Tens of thousands took to the streets of Moscow to mark Unity Day. This year the parade had a distinct flavour of defiance against the West.
Flags of the self-proclaimed people’s republics of Donetsk and Luhansk in eastern Ukraine could be seen among the sea of tricolour Russian standards.
In the suburbs anti-immigration banners from nationalists filled the streets, signifying the growing strength of the far-right.
In a show of disunity, a group of pro-Ukrainian demonstrators also joined the parades. Vladimir Ivanov came to the protest to protect the rights mentioned in the Russian Constitution, but also in a show of solidarity with their neighbours.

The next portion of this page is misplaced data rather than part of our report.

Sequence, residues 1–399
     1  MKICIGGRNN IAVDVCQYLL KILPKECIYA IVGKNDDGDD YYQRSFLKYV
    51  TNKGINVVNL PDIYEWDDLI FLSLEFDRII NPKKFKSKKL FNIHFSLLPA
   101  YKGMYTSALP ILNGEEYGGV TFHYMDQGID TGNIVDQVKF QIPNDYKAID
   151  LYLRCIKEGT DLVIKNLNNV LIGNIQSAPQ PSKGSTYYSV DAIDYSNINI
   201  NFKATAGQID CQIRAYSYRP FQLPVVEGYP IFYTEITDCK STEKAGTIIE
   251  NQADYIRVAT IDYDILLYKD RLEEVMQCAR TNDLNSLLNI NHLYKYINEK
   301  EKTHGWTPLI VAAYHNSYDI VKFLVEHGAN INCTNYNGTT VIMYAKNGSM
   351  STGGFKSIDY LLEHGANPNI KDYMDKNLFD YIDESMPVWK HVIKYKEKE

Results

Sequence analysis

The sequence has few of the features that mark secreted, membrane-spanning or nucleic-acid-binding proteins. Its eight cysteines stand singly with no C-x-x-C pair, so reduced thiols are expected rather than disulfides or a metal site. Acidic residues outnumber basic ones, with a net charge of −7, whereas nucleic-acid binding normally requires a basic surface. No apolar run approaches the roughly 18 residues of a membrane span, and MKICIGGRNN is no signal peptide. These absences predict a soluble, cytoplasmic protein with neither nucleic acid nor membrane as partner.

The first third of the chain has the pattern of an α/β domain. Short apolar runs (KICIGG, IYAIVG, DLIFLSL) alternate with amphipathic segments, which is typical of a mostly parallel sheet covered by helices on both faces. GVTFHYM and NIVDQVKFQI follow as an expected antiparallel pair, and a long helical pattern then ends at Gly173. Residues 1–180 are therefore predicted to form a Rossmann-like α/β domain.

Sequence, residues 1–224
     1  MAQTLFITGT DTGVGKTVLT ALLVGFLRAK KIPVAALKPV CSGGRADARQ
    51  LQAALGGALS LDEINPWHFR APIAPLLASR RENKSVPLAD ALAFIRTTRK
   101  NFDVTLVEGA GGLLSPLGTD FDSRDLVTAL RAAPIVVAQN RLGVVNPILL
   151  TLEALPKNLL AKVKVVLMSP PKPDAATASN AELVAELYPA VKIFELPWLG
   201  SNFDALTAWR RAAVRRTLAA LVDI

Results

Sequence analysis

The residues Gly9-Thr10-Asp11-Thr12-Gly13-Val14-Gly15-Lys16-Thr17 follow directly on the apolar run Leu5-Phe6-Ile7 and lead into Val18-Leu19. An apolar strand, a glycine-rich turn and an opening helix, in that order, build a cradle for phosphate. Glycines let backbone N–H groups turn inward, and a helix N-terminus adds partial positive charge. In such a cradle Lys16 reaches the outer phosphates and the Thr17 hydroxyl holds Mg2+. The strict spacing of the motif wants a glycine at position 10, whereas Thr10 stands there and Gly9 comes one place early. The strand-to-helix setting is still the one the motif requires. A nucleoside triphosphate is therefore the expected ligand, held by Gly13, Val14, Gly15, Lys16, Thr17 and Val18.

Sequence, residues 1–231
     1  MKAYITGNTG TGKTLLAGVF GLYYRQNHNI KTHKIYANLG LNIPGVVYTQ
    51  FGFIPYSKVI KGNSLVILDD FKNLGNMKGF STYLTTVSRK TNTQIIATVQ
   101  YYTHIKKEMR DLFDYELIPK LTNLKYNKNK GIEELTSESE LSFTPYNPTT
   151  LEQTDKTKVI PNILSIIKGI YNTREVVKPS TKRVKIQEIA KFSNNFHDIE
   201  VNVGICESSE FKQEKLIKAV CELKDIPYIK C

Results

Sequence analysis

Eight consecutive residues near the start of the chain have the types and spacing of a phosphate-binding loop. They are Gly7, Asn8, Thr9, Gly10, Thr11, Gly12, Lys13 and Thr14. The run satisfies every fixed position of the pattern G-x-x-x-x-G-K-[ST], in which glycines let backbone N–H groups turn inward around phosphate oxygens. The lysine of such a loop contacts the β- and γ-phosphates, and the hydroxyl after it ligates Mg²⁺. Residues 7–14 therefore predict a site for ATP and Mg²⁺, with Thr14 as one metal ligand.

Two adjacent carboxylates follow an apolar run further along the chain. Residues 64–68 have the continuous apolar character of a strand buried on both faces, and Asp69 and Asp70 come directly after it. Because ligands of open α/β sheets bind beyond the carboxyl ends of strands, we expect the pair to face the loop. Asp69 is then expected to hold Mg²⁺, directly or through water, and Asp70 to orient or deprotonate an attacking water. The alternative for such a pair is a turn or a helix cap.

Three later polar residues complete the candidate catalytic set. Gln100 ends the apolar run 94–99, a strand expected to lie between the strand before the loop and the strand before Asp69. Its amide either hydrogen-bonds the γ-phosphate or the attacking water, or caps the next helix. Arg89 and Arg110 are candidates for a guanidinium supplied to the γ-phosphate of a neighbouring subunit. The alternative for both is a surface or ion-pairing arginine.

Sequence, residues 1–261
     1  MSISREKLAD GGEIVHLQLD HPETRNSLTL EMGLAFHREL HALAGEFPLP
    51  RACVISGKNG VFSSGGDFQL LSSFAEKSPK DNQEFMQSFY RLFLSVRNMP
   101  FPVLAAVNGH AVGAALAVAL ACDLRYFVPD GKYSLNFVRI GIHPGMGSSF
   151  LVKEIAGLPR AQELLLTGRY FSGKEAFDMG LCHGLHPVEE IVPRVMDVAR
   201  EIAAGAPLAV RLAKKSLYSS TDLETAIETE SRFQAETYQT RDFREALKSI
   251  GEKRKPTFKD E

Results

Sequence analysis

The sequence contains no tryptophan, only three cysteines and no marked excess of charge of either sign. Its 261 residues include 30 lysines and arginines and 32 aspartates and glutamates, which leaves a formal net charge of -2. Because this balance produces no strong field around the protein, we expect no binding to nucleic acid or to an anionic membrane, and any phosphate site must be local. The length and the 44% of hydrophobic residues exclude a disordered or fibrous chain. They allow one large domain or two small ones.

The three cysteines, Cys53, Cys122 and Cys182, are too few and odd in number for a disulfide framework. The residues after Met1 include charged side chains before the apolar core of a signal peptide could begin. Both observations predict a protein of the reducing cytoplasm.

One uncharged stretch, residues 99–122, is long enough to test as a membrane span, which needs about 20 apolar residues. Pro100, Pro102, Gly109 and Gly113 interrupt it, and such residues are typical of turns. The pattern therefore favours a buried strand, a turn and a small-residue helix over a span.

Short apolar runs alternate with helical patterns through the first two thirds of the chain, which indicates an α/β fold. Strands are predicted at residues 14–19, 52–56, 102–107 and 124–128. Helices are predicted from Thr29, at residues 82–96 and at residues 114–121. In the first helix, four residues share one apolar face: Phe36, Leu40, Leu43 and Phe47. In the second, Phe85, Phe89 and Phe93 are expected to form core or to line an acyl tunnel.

“We support the struggle of the Ukrainian people, because they are Slavic people like us and we are very glad that they have overthrown Yanukovich,” he said.
However, others wanted to show the strength of Russia.
“Russians should show that they are Russians, that they are masters in their country and on their land and not somebody else’s,” said march participant Andrei Ivanov.
Speaking at a gala reception President Putin said that ‘threats will not force us to abandon our values and ideals’. The West imposed sanctions on the Kremlin over the crisis in Ukraine, though Putin denies Russian involvement in the conflict.
Unity Day is celebrated annually on November 4, a date chosen by Putin in 2005. It commemorates Russia’s defeat of Polish invaders in 1612. The holiday replaced the Day of Accord and Reconciliation established by former President Boris Yeltsin following the collapse of the Soviet Union. Before that November 7 was celebrated as the anniversary of the Bolshevik revolution.